Seattle, WA -- In instances of protests and police presence, the question of how and when they turn violent always arises. Does a peaceful protest turn violent if police never show up?
When answering this question, we often only need to look at who came dressed for a riot -- the answer is almost always the cops.
As people are herded into free speech zones or kettled into tiny alleys by cops dressed in full body armor beating their batons against their shields, one can't help but wonder if police are actually fanning the flames of a riot instead of attempting to prevent it.
A recent example of police escalating situations into dangerous scenarios comes from Seattle this week as protesters took to the streets during Sunday's May Day.
Hundreds of riot police were dispatched to the area to quash the dissent and the situation quickly descended into chaos.
According to reports received by Seattle police, three cars were vandalized near 2nd Avenue and Bell Street, windows were shattered at a coffee shop at 4th Avenue and Pine Street and at a bank at 2nd Avenue and Cherry Street, and a window on a residential building at 4th Avenue and Virginia Street was damaged by a Roman candle that was fired from the crowd.
Whether or not this damage was done after police began their tactics against the protesters is unclear. However, during a press conference on Monday night, Seattle Police Chief Kathleen O'Toole told reporters her officers took action as soon as demonstrators started damaging property.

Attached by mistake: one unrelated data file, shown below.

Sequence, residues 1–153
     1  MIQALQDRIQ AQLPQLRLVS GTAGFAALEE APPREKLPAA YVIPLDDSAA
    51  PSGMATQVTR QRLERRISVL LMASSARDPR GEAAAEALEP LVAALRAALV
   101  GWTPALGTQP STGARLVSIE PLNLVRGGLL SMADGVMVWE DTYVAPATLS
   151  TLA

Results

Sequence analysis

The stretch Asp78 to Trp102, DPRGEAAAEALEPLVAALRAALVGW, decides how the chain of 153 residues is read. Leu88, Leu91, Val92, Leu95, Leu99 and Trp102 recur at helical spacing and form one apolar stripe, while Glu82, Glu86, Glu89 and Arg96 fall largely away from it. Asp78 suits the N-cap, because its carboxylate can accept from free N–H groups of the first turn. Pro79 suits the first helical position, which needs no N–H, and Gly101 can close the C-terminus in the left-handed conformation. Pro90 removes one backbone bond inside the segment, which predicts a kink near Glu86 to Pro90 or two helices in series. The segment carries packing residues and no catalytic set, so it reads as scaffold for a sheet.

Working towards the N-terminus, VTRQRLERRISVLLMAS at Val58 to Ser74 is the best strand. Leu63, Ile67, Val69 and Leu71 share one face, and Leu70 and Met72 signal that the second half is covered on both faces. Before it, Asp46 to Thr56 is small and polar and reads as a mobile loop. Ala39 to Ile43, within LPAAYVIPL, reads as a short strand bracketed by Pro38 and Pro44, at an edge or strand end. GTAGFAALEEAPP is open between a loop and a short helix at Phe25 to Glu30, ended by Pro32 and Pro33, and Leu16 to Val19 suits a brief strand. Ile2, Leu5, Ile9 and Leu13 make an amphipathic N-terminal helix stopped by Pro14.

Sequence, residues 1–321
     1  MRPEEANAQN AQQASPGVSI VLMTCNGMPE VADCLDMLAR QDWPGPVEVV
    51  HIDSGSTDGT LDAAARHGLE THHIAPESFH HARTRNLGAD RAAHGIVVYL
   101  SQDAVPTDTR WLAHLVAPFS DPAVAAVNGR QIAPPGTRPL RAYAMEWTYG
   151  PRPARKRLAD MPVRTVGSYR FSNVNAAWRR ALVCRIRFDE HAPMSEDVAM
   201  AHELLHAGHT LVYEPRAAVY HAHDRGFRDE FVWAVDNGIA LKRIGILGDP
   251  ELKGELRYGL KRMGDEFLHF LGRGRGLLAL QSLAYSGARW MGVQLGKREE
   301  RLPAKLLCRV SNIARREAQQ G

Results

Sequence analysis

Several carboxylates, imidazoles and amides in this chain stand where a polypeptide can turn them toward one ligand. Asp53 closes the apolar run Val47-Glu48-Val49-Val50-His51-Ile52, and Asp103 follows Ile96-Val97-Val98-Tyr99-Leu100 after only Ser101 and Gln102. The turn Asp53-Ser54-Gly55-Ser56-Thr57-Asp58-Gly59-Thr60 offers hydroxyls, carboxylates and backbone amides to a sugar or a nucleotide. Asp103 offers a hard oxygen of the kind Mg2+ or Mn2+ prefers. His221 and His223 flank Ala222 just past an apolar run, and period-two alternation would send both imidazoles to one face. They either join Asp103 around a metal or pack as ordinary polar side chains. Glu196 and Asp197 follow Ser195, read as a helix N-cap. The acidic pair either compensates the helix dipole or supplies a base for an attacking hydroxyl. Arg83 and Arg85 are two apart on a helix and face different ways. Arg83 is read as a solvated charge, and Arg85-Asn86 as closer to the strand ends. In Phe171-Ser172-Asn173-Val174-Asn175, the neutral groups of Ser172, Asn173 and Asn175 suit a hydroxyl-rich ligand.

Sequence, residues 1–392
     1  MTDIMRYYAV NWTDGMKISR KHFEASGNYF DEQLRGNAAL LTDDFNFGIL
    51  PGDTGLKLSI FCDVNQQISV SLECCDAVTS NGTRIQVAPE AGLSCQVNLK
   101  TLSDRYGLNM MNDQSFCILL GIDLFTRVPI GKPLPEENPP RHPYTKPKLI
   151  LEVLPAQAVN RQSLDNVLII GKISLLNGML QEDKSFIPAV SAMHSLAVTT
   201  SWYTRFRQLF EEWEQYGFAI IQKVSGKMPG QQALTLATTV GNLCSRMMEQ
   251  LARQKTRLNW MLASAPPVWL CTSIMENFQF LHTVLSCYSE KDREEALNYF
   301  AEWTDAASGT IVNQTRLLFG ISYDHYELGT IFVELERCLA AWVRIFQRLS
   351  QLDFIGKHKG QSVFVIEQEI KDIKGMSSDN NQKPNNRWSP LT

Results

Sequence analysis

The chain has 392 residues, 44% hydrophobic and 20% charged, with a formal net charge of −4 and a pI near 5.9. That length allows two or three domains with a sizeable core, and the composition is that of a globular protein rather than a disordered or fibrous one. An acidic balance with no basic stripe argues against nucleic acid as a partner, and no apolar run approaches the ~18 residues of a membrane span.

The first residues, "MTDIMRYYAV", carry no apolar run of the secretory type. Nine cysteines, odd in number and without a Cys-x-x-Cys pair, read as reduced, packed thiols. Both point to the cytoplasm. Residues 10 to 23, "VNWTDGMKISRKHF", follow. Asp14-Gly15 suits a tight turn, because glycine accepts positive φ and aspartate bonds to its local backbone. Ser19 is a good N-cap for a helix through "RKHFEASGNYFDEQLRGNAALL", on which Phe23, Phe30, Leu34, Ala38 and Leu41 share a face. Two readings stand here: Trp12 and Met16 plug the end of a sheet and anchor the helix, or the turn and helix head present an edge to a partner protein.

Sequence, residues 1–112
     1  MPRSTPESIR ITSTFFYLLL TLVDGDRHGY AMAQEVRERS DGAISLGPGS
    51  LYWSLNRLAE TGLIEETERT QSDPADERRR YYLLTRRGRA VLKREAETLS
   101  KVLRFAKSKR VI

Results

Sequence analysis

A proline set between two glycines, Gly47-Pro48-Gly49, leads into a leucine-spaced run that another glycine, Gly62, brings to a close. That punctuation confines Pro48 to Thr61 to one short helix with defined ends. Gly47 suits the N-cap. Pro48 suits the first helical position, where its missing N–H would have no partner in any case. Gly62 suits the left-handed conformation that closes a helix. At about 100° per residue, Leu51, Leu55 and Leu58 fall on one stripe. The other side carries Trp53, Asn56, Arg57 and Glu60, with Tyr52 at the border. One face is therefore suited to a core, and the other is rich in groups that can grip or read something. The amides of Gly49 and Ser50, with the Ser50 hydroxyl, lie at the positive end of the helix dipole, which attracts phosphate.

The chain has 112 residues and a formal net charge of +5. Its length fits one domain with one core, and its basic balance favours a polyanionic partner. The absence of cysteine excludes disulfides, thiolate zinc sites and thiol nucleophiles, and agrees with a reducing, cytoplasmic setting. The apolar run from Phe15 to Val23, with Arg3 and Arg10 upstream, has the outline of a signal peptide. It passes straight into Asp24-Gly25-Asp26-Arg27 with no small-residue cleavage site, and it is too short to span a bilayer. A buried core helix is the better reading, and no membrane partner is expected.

"We had some violence. We had some property damage. We have officers attacked. The demonstrators put some innocent people in jeopardy. So we had to take action," O'Toole said.
Of course, destroying the property of others is unacceptable and criminal. If your message requires attacking innocent people to get your point across, you might want to rethink your message. That being said, the police response to a handful of vandals was to treat hundreds of peaceful protesters like violent criminals. The result was innocent people getting hurt.
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Sam Levine, a citizen journalist, was one of those innocent people. To ostensibly 'disperse' the crowd, police began deploying blast balls, ball-shaped, rubber coated, less-lethal hand grenades designed for police and corrections applications.
Blast balls are similar to stun grenades, like the one used in the raid on the innocent Phonesavanh family that blew their infant's face apart. However, blast balls not only explode like stun grenades, but they can be used to deploy chemical agents too.
"I saw a bright flash of light. My ears started ringing. And then the entire left side of my face went numb," Levine said.
The flash of light was a blast ball and the reason Levine's face went numb was that he was hit with a piece of shrapnel from the explosion.
"It's likely that it sort of went into my cheek. Hit my teeth and then bounced back. And so, the teeth helped cushion the blow and prevented it from going all the way into my teeth," he added.
Levine suffered a one-inch gash in the side of his face and was taken to the hospital. Levine said the doctors told him he was "lucky because it avoided any glands in relation to saliva."
In total, nine people were arrested during the protests, including eight males and one juvenile female. The charges included obstruction, assault and property destruction.
Below is a video of what 'keeping the peace' looks like in a police state.